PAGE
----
With tens of thousands of Chicagoans working from home for the first time and thousands more becoming entrepreneurs because of the COVID-19 pandemic, the Chicago City Council is poised to ease the rules governing the operation of home businesses.
The City Council’s Economic, Capital and Technology Development Committee unanimously advanced the measure authored by Ald. Gilbert Villegas (36th Ward) on Tuesday, and the full City Council is set to consider the proposal for a final vote on April 21.
Business operations would be allowed occupy 25% of the home’s floor area or 300 square feet, whichever is larger, according to the measure that was approved Tuesday. Originally, Villegas wanted that limit set at 35%, but revised it after consulting with the Department of Business Affairs and Consumer Protection.
“We want people to have the wiggle room to make ends meet, even when that room is at home,” Villegas said.
The measure is designed to benefit Chicagoans trying to expand their side hustles, especially female, Black and Latino Chicagoans, Villegas said.
Business Affairs and Consumer Protection Commissioner Rosa Escareno told aldermen the measure was designed to encourage entrepreneurship while protecting residential neighborhoods and preventing fraud.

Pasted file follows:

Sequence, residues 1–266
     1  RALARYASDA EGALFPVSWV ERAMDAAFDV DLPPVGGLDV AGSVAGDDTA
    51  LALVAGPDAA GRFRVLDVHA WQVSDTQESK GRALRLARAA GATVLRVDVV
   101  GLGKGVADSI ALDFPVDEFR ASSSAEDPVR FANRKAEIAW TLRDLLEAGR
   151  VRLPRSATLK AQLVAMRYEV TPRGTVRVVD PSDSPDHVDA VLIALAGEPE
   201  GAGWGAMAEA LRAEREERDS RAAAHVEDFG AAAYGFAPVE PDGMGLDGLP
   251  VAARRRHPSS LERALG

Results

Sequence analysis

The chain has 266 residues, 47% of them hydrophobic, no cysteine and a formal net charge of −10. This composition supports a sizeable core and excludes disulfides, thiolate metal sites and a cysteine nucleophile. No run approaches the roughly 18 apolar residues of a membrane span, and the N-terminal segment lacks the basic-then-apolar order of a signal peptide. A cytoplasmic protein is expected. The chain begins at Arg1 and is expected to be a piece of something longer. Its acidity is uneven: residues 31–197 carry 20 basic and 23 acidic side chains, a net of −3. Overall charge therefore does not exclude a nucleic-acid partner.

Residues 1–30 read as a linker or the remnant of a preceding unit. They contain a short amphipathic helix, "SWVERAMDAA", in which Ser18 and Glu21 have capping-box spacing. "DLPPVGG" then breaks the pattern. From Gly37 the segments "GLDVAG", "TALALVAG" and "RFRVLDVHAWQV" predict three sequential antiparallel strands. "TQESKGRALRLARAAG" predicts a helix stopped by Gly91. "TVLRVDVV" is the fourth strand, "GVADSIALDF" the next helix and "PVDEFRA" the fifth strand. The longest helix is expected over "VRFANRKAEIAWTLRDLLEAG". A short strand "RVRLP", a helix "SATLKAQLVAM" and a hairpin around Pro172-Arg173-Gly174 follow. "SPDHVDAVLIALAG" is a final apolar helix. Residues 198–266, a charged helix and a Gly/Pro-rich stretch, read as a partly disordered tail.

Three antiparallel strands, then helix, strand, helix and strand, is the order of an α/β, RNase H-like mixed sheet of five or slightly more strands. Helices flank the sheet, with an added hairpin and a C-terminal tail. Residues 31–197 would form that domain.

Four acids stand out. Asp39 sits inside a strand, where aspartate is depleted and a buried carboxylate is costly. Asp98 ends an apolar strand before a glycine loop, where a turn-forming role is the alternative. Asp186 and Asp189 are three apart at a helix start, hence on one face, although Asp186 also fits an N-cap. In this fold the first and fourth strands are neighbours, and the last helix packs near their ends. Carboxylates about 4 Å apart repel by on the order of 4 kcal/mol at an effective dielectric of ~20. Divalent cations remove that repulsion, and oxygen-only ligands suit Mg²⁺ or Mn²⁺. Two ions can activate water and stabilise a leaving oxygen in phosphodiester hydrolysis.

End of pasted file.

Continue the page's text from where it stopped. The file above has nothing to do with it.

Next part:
Other changes included in the proposal would allow home-based businesses to sell “any product on display shelves or racks” and allow them to receive unlimited bulk deliveries from 9 a.m. to 6 p.m. rather than just one per day.
In addition, home businesses could operate in “accessory structures” such as coach houses and permit home-based construction or landscaping businesses and allow those operations to store goods and materials on site.
A host of other operations will remain banned from operating from homes, including motor vehicle repairs, massage establishments, hair and nail salons as well as food-related businesses, officials said.